5 Unique Activities You Can Only Experience At Ol Pejeta Conservancy

By Asilia Africa News | 09 May 2019

By Anwynn Louw – Digital Marketing Assistant

Ol Pejeta Conservancy offers one-of-a-kind experiences which truly highlight what makes this beautiful region of Kenya so special. If you’re planning on spending time atOl Pejeta Bush Campin the future; here are our 5 favourite unique and captivating activities that can only be experienced at Ol Pejeta Conservancy.

1. Canine Anti-Poaching Unit Visit

Ol Pejeta’s anti-poaching dog unit is open to visitors. After an insightful tour about the training these animals undergo to become anti-poaching patrollers, you can play a game of human-canine hide and seek, trying to dodge the canines and finding a spot to hide within the Morani Information Centre. This is a fun way to interact with the dogs, you get a bit of exercise and the hounds do too! The visits to the unit are restricted to six people per group. This activity is not suitable for children under the age of 12 years old.

The dogs are each trained in a particular speciality – from detaining potential suspects, and searching for ammunition, down to tracking the scent of a poacher.

2. Lion Tracking

This is a fun and unique opportunity for you to contribute towards lion conservation within the conservancy. You will spend time with the conservancy’s researchers to track and learn more about the lions living there. You canparticipate in helping them to gather important research information needed to monitor the lions. When identifying lions, features such as ear tears, whisker spots, and nose spots can be used. It is an excellent way to learn about lions while also getting to spend time with them while out in the bush.

3. Riding With Rhinos In The Endangered Species Enclosure

Enjoy a morning or late afternoon horse ride within the Endangered Species Enclosure. Predator-free, this area offers you a wonderful opportunity to encounter a myriad of plains game. However, the highlight of this activity is meeting the last remaining northern white rhinos.These rhinos, Najin and Fatu, are the daughters of Sudan, who became world-famous after being the last remaining male northern white rhino before he died in March 2018.

During December 2009, Sudan, Najin, Fatu and Suni (another male northern white rhino) were flown from a zoo in the Czech Republic to Ol Pejeta Conservancy believing that the climate and grasslands of the Laikipia Region of Kenya would provide better breeding conditions in the hopes of rescuing the species from the brink of extinction. At this stage, these four northern white rhinos were the last of seven alive, and all previous breeding attempts in the zoo had failed.

Three years after the rhinos arrived at Ol Pejeta, Suni was seen mating with Najin, unfortunately, after 16 months there were no baby rhinos. Shortly after, a southern white male was introduced to Najin and Fatu, hoping for an offspring, but again the efforts were proved fruitless. In late 2014, Suni died of natural causes, leaving Sudan as the last remaining northern white rhino.

At this stage, the future of this subspecies depends on the development of in vitro fertilisation techniques and stem cell technology; complicated and costly procedures that have never before been attempted in rhinos.

4. Junior Ranger Programme

If you’re travelling with children between the age of four and twelve and wondering how you will keep them entertained while on safari, read on. Now your little ones can become a ranger for the day by purchasing a Junior Ranger Pack.These packs include a book filled with fun activities, as well as colouring crayons and stickers. As they venture through the conservancy, the children have to work through all the activities, completing the questions in the booklet as they go. When they reach the end of their adventure, the tourism team atMorani Information Center will be waiting to ask them to repeat the official ranger oath, before presenting them with a certificate, ranger hat, and a pin to confirm their status as honorary rangers.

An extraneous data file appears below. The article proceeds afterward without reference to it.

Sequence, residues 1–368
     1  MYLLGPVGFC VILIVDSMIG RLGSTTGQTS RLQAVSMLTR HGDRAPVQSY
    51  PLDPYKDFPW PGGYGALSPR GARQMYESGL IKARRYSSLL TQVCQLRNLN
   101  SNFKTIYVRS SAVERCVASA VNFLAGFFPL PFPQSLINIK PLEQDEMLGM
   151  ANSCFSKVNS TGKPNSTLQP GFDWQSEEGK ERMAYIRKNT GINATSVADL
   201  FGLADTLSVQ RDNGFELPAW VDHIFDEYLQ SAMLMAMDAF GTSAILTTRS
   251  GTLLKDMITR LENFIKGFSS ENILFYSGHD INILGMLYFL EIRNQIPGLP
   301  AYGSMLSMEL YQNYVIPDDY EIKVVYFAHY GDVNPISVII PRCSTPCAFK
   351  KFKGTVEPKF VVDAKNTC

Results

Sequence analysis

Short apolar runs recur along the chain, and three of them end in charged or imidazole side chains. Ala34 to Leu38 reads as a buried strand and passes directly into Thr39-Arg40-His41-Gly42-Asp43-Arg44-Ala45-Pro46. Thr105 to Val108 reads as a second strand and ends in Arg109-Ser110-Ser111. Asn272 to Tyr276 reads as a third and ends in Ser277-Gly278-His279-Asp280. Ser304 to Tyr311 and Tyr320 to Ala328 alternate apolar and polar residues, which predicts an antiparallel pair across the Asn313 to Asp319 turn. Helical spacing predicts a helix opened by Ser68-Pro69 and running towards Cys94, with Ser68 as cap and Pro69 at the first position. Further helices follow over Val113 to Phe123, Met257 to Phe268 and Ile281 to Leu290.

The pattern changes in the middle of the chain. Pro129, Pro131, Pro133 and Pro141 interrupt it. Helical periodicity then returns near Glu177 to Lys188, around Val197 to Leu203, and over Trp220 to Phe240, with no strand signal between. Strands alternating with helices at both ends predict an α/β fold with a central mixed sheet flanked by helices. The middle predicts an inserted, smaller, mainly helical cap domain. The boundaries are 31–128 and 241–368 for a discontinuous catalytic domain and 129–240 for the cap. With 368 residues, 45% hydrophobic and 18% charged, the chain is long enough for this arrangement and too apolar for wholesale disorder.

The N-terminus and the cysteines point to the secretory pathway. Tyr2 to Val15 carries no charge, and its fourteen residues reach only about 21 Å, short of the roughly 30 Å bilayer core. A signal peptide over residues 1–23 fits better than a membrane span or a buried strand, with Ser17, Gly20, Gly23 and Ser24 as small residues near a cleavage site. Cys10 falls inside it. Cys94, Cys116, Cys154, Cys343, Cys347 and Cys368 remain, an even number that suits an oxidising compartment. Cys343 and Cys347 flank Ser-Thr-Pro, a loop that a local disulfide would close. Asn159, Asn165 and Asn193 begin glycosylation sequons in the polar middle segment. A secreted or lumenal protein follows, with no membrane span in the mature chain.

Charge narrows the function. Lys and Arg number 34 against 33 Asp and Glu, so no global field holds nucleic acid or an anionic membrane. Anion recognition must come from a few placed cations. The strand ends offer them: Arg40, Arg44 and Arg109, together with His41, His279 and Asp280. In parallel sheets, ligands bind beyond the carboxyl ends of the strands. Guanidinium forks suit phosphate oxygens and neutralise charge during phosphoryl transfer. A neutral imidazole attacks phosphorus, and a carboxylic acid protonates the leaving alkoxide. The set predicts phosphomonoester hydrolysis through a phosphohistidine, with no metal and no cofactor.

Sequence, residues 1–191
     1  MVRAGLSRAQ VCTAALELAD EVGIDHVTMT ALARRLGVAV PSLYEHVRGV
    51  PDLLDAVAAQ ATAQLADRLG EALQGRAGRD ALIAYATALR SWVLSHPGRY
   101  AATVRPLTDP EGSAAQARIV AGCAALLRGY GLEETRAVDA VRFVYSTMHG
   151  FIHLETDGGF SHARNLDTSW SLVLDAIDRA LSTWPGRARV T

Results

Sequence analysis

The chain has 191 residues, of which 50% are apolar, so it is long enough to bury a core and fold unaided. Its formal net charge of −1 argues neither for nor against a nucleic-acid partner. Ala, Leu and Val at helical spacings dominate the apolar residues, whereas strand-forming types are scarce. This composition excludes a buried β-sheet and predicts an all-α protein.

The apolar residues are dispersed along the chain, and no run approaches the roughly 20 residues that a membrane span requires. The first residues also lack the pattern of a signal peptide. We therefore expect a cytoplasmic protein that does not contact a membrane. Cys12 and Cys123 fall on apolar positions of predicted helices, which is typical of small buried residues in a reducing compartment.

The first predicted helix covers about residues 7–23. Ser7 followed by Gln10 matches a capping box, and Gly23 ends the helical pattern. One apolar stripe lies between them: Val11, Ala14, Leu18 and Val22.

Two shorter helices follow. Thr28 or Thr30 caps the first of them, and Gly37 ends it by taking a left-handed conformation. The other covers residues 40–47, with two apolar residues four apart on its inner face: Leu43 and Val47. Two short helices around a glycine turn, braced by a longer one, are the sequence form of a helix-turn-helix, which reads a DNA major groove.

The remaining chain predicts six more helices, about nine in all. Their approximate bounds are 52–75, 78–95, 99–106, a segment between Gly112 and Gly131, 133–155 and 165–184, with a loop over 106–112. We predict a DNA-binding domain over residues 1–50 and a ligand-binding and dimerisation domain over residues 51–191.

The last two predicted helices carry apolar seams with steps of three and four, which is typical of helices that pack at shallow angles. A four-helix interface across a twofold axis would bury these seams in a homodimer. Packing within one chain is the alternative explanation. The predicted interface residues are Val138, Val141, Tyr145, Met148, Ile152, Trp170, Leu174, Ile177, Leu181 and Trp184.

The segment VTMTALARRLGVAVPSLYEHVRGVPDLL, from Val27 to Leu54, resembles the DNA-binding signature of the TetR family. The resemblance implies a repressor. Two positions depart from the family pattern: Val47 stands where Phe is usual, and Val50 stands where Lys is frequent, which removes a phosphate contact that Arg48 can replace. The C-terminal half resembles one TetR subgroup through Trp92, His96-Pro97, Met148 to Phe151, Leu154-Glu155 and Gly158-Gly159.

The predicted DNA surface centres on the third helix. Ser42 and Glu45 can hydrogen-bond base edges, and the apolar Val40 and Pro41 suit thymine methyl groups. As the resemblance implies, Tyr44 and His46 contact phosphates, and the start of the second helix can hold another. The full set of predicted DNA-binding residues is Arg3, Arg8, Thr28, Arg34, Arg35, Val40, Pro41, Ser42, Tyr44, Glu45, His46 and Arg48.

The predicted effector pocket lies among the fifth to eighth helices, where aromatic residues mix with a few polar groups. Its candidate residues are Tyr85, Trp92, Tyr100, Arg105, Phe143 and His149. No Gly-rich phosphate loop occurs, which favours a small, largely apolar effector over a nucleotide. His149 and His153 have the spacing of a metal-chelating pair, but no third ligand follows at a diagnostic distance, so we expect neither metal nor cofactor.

5.Running with Rangers

If you are a fitness enthusiast and you love the outdoors, there is no better way to start your day than with a run with the conservancy’s rangers. Join them as they take on a 5 – 7km run which follows gentle terrain across the plains. During your run there is also a chance you may encounter wildlife such as rhinos and elephants.

Should you get a little bit tired you are welcome to stop and rest while the rangers do their push-ups, or hitch a ride with the vehicle that follows behind the pack. All you need to bring along is water, a hat, and loads of enthusiasm! After your run, you are welcome to join the rangers for a fresh cup of coffee and learn more about the special work they do to keep the wildlife safe.

Group numbers are restricted to six people and physical fitness is a requirement for this activity.

Enjoy a refreshing morning run with Ol Pejeta Conservancy’s rangers

But Wait, There’s More – Adventure for Rhinos

A 12-day, multi-sport exclusive adventure made just for the conservation of rhinos! Are you an eco-conscious traveller looking to make a difference while on holiday? Then this is for you. Explore Kenya’s conservancies on a mountain bike, explore the bush on foot while participating in rhino tracking. Enjoy game drives and climb Mount Kenya, the highest mountain in Kenya.

This event is coming to you in February 2020 and your participation will contribute to the Rhino Revival Fund, For more information click here.

Ol Pejeta guarantees a wonderfully varied safari experience in this unique corner of Kenya and the chance to make a true difference to the future of conservation.


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